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Researchers at Flinders University have released new findings that illustrate how the gut’s cells work in tandem with the spinal cord and brain, in turn influencing people’s cognitive and emotional behaviours.

Published in the American Journal of Physiology, the research shows how the gut – frequently referred to as the “second brain” because of its Enteric Nervous System – and its enterochromaffin (EC) cells releases the material that communicates with the brain’s sensory nerves, study co-author Professor Nick Spencer explained.

“Within the gut wall lie specialised cells called EC cells that produce and release hormones and neurotransmitters in response to particular stimuli that are ingested when we eat,” the Professor said.

“These EC cells release the vast majority of serotonin into the body, so our study has uncovered a major clue into how the food we eat stimulates the release of serotonin, which then acts on the nerves to communicate with the brain.”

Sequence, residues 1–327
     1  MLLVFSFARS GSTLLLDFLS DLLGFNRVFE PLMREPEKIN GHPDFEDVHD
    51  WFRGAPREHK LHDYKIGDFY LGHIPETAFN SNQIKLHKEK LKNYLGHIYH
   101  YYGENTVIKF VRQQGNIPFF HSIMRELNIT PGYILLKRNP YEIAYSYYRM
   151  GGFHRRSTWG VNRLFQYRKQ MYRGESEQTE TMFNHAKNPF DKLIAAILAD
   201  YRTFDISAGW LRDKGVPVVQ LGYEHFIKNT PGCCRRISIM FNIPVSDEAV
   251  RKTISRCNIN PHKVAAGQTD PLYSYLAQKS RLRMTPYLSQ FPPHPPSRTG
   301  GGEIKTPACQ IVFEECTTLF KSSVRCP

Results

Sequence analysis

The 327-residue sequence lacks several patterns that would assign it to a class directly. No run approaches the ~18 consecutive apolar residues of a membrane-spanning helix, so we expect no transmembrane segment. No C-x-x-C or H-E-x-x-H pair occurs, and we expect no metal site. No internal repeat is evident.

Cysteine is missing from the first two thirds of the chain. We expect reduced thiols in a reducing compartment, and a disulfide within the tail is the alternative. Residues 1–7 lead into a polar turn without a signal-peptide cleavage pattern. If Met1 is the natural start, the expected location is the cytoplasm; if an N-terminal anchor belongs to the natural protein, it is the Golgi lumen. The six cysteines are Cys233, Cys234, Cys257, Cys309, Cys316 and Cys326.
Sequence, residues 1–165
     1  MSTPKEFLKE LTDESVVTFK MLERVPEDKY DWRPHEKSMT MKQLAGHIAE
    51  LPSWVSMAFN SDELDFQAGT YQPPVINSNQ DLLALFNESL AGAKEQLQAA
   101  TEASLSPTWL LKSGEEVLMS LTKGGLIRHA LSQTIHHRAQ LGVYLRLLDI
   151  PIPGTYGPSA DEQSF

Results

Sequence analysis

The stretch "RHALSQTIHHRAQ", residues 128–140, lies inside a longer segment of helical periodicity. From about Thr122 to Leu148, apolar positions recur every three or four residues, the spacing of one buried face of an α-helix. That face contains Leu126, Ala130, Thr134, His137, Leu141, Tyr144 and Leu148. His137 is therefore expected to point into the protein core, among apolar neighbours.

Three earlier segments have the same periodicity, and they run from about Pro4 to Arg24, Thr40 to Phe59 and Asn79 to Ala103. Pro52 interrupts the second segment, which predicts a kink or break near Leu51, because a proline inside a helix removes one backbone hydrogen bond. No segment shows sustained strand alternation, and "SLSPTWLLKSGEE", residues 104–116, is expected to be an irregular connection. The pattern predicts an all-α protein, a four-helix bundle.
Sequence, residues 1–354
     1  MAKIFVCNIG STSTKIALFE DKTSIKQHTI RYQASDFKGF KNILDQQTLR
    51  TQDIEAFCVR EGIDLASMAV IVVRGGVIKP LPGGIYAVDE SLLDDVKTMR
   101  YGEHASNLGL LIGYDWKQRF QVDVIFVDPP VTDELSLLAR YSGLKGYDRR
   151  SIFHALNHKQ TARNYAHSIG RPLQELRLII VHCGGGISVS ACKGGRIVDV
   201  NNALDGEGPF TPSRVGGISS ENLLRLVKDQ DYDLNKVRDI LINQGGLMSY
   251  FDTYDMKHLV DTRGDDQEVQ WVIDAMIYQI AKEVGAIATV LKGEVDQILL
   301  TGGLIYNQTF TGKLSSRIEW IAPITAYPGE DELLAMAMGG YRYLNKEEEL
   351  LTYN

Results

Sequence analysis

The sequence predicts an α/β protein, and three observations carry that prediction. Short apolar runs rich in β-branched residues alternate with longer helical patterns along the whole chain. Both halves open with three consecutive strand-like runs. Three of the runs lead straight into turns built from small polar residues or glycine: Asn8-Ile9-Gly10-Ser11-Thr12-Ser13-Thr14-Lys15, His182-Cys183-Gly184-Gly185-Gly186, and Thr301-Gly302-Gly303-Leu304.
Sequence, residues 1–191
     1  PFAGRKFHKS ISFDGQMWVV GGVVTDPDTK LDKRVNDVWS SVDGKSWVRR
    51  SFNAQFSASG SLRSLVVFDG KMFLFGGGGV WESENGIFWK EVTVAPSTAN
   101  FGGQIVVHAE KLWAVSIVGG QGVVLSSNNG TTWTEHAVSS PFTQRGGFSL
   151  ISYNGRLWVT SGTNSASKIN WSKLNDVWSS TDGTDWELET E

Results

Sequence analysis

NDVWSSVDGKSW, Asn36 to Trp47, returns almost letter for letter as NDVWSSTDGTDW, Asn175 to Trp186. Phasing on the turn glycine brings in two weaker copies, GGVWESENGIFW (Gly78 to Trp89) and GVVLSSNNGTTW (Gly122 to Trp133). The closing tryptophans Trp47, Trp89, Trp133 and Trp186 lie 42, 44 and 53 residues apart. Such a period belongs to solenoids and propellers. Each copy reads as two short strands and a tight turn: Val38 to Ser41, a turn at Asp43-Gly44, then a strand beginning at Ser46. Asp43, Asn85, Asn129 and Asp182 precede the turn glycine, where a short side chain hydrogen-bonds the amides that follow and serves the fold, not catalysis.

Of particular note in the study, which was conducted on mouse colon, was the observation that EC Cells don’t physically interact with the sensory nerves of the brain, but rather “diffuse” the various the materials they emit, which is significant because most of the body’s serotonin is released by the gut’s EC Cells.

“There is a direct connection between serotonin levels in our body and depression and how we feel. So, understanding how the gut EC cells communicate with the brain is of major importance,” Professor Spencer observed.

While previous research has helped uncover the importance of the gut-brain link, Professor Spencer said this discovery – fuelled by innovations in Flinders University’s own lab that allowed them to clearly observe the body’s sensory nerves in action – was notable because it explained some of the link’s nuances.

“The gut-brain axis consists of bidirectional communication between the brain and the gut, which links emotional and cognitive centres of the brain with peripheral intestinal functions,” he explained.

“Recent advances in research have described the importance of gut microbiota in influencing these pathways but we had yet to uncover how the communication was working.

“This has not been possible, until now, because there were so many other types of nerves also present in the gut – it’s like finding a needle in a haystack.”

The article, titled, “The gut-brain axis: spatial relationship between spinal afferent nerves and 5-HT-containing enterochromaffin cells in mucosa of mouse colon,” is available to read here.